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Wealth and Money

The image of the Armenian as a consummate business person goes back a long way. With seemingly endless confrontations from foreign rulers, and no real chance for political gains within their own country, the Armenians in the Middle Ages established a new class of leaders, both at home and abroad. These were the merchants and traders. They quickly gained a reputation as good businessmen, spreading literacy and culture wherever they went, from Europe to parts of Asia. Remarking on the Armenian influence in India, the French historian Fernand Braudel wrote, "Where would Madras be without the Armenians?"

The Armenian reputation for business also flourished along with the Diaspora. Today, many prominent businesspeople throughout the world can claim Armenian roots. And this special skill in business affairs remains a source of pride.

A Talent for Business - An Armenian man, named Artash, walked into a bank in New York City and asked lor the loan officer. He told the officer that he was going to Yerevan on business for two weeks, and needed to borrow $5,000.

The officer told him that the bank would need some form of security for the loan. Artash handed over the keys to a new Ferrari parked on the street in front of the bank. He produced the title, everything checked out, the car was accepted as security, and Artash departed with his loan. The American bank's president and its officers all had a good laugh at the Armenian who offered a $250,000 car as collateral for a S5,000 loan, and an employee moved the Ferrari safely into the bank's underground garage.

Two weeks later, Artash returned and repaid the loan and the interest, which came to $15.41. The loan officer said, "Sir, we are very happy to have had your business, and this transaction has worked out very nicely, but we are a little confused. While you were away, we checked you out and found that you are a multimillionaire. What puzzles us is, why would you bother to borrow $5,000?"

Artash replied, "Where else in New York City can I park my car for two weeks for only $15.41 and expect it to be there when I return?" Ah, the Armenian brain ... This is why Hayastan is shining!

Within the homeland itself, however, opportunities for economic prosperity have been somewhat restricted. Genocide followed by the Soviet system stifled the Armenian flair for enterprise. Until the global recession of 2009, Armenia was striving to get back on its feet, and was doing so at a relatively fast pace. The average per capita gross domestic product in Armenia nearly tripled from 2000 to 2005, but it still remained at less than half the per capita GDP of its neighbors Georgia and Azerbaijan.

Armenians have a positive attitude toward the accumulation of wealth, and love tales of successful Armenian businesspeople. However, they are aware that the fabled business class has yet to experience resurgence in the homeland. For real success, modern Armenia must overcome significant economic vulnerabilities. First, economic growth is heavily reliant on increasing exports, which is obviously hampered by the closed borders. Also, exportable products and services are somewhat limited (for example, diamond polishing). Government, too, must loosen its grip on tariffs and taxation. To restore the economic pride of the past, Armenia needs greater investment, expansion of capital markets, and even further government and banking reforms.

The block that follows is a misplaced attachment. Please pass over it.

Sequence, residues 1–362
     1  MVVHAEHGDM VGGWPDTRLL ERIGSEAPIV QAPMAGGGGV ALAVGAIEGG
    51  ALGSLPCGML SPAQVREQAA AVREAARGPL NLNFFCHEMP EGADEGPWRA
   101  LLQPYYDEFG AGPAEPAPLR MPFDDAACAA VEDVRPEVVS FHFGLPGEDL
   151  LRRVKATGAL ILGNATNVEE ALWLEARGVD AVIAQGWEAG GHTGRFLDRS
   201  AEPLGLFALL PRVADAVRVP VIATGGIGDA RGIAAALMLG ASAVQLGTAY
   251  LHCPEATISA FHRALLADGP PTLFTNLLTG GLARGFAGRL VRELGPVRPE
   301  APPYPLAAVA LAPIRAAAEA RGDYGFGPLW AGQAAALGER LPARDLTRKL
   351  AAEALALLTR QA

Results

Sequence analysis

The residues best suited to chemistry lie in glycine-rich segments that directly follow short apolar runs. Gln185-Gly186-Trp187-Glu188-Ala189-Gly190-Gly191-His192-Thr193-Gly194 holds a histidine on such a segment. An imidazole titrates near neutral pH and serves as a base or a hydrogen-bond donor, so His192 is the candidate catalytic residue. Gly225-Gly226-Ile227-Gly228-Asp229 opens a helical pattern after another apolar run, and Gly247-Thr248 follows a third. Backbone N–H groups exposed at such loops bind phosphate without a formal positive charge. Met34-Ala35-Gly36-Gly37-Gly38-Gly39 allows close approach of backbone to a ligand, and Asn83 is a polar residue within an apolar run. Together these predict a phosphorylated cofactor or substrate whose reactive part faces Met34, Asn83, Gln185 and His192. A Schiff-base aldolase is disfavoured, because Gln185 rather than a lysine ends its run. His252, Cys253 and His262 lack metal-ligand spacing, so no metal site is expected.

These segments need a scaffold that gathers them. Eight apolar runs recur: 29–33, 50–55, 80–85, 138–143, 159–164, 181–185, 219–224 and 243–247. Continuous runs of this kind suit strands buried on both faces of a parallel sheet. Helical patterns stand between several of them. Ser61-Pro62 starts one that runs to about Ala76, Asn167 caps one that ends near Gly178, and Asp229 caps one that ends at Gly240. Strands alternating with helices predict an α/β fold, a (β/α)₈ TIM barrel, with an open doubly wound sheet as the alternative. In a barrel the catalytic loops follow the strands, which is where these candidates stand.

A second vulnerability is the continued dependence on remittances from Armenians abroad. According to the International Monetary Fund (IMF) and the Central Bank of Armenia, remittances actually exceeded the country's annual budget. This widespread dependence also makes the country highly vulnerable to fluctuations in the global economy, as evidenced by how the country was hit by the global recession of 2009.

Also, there are vast differences in wealth across the country. Although Armenia's economy has improved, Yerevan, with one-third of the country's population, produces more than half of its gross domestic product. According to the United Nations Development Program Statistics, about half of Armenia's rural population of 1.5 million lives in poverty. The government, Diaspora groups, and nongovernment aid organizations have introduced several programs to relieve the dire situation in the rural ureas; however, for many, the circumstances are still very serious.

And then there are the oligarchs. Just as in Russia, an enormously wealthy class of oligarchs has made its way to the top of society. Since independence, the rise of this new elite has hampered Armenian economic reform. These influential businessmen not only control key industries, but also sit in parliament. Many Armenians hope that reforms will one day loosen the oligarchs' grip on both business and government, but there is still much that can be done.

Oligarchs are not shy about showing their wealth. They build outrageously lavish mansions; they give their sons and daughters Mercedes cars when they turn sixteen; they frequent the upscale retail shops being built along Yerevan's North Avenue. Their muscle-bound "protectors" are well-known. These are not a revival of the Armenian tradesmen of old; it is widely agreed that their influence on issues such as distribution of wealth, anticorruption, criminal justice reform, and privatization are harming progressive economic reforms in Armenia.


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